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Absence-Minded

The high cost of sick days.
Karen M. Kroll, CFO Magazine
February 15, 2006

It's no secret that employees call in sick when they feel fine, but just how often they fib might surprise you. A 2005 survey by CCH Inc., a Riverwoods, Ill.-based provider of information services, found that personal illness accounts for just 35 percent of unscheduled absences.

That doesn't mean workers are out shopping or hitting the ski slopes. They might be at home waiting for the plumber to show up or tending to their kids on a school snow day. Top reasons for taking what might be called nonsick days are family issues (21 percent), personal needs (18 percent), entitlement mentality (14 percent), and stress (12 percent). Lisa Franke, a workplace analyst at CCH, says that absences for stress and entitlement — taking days employees believe they have "earned" — are up slightly from last year because "leaner staffing levels have intensified workloads."

No matter the reason, absent workers are expensive. The CCH survey found that unscheduled absences cost companies $660 per employee per year, up from $610 in 2004, in salary costs alone — never mind the expense of paying for overtime or a temporary replacement. "If someone doesn't show up, there's a domino effect," says Franke, who points out that there is also a cost in work not getting done. Sean Nicholson, assistant professor of policy analysis and management at Cornell University, says that when companies assess the expense of absenteeism only in terms of salary, they underestimate the true cost by about a third.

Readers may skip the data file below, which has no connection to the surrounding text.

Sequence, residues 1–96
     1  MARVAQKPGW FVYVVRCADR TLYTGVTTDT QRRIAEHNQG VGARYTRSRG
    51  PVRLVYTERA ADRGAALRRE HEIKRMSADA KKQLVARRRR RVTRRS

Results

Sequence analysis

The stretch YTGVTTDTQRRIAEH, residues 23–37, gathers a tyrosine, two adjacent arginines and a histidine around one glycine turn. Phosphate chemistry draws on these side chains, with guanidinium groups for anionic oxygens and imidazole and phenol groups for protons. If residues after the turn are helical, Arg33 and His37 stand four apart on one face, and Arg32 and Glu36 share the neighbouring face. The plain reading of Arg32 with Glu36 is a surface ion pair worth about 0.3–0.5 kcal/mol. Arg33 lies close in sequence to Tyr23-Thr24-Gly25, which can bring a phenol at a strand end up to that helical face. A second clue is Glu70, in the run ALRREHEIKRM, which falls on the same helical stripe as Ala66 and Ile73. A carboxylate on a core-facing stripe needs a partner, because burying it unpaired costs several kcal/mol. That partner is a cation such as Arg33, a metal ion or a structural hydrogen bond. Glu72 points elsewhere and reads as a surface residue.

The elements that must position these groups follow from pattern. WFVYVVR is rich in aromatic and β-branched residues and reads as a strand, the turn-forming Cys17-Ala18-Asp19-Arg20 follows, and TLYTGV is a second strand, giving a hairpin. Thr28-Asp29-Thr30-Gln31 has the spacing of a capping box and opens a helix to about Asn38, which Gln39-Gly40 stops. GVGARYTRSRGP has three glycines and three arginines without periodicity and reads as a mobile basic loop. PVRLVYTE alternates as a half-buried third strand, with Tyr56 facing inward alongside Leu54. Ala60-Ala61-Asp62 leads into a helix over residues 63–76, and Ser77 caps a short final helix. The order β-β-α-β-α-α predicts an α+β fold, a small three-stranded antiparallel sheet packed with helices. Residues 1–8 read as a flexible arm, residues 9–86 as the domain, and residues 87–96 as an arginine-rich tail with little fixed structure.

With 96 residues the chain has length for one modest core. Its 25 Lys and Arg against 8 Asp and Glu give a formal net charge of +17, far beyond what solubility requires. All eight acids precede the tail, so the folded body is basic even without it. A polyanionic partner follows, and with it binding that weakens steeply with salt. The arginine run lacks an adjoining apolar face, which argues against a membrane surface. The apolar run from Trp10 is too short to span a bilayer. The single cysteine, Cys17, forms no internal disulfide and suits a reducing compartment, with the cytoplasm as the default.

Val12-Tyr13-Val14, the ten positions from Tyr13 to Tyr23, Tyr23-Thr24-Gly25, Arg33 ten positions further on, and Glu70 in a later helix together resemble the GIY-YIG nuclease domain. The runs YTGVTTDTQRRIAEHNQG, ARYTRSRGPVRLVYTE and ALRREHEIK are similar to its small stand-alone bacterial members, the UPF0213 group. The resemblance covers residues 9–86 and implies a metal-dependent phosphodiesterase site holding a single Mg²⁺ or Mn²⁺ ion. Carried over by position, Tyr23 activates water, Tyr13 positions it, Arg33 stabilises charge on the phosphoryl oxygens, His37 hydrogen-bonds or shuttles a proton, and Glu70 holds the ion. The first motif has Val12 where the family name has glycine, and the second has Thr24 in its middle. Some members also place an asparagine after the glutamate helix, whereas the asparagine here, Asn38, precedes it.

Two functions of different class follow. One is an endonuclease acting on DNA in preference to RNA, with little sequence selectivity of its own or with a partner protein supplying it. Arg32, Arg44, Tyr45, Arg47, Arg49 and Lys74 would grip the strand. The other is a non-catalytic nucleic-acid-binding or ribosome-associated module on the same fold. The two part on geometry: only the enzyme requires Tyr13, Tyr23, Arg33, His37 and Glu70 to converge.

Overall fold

As a result, employers are trying new strategies to make sure unscheduled absences are reserved for genuine illness. Two tools that executives in the CCH survey ranked most effective in controlling absences are paid-leave banks and buyback programs. With a paid-leave bank, employers combine different categories of time off, such as vacation, personal, and sick days, into one pool. (Employees who have more-serious health concerns typically tap into short- or long-term disability programs.) Employees decide how to use the time. "It gives more flexibility and encourages scheduled versus unscheduled absences," says Franke.

At Sungard SCT, a Malvern, Pa.-based software-development firm, a culture of flexibility and a paid-leave program help keep unscheduled absences to a minimum, says CFO David D. Gathman. The expectation is that employees who need to go to a doctor or a child's school play will still get their work done.

Sungard doesn't benchmark its rate of absenteeism against other firms, Gathman says, but it does track the "utilization rates" of its professional-services employees. Sungard beats the industry average by several percentage points, he says. "In an organization that has more than $100 million in professional services, that's a significant positive variance," he says.

Other strategies to lower absenteeism include allowing workers to telecommute, providing a flu-shot program, and instituting a policy that permits parents to duck out for school functions and the like for a few hours rather than call in sick for the entire day. Employers that offer buyback programs agree to purchase some or all of employees' unused sick time at the end of the year, giving workers a financial incentive to use sick days judiciously.

Of course, employers should be careful not to make their absenteeism programs work so well that they encourage employees to come to work even when they're sick. This phenomenon, known as "presenteeism," is leading many employers to remind workers that if they are sick, they should stay home.





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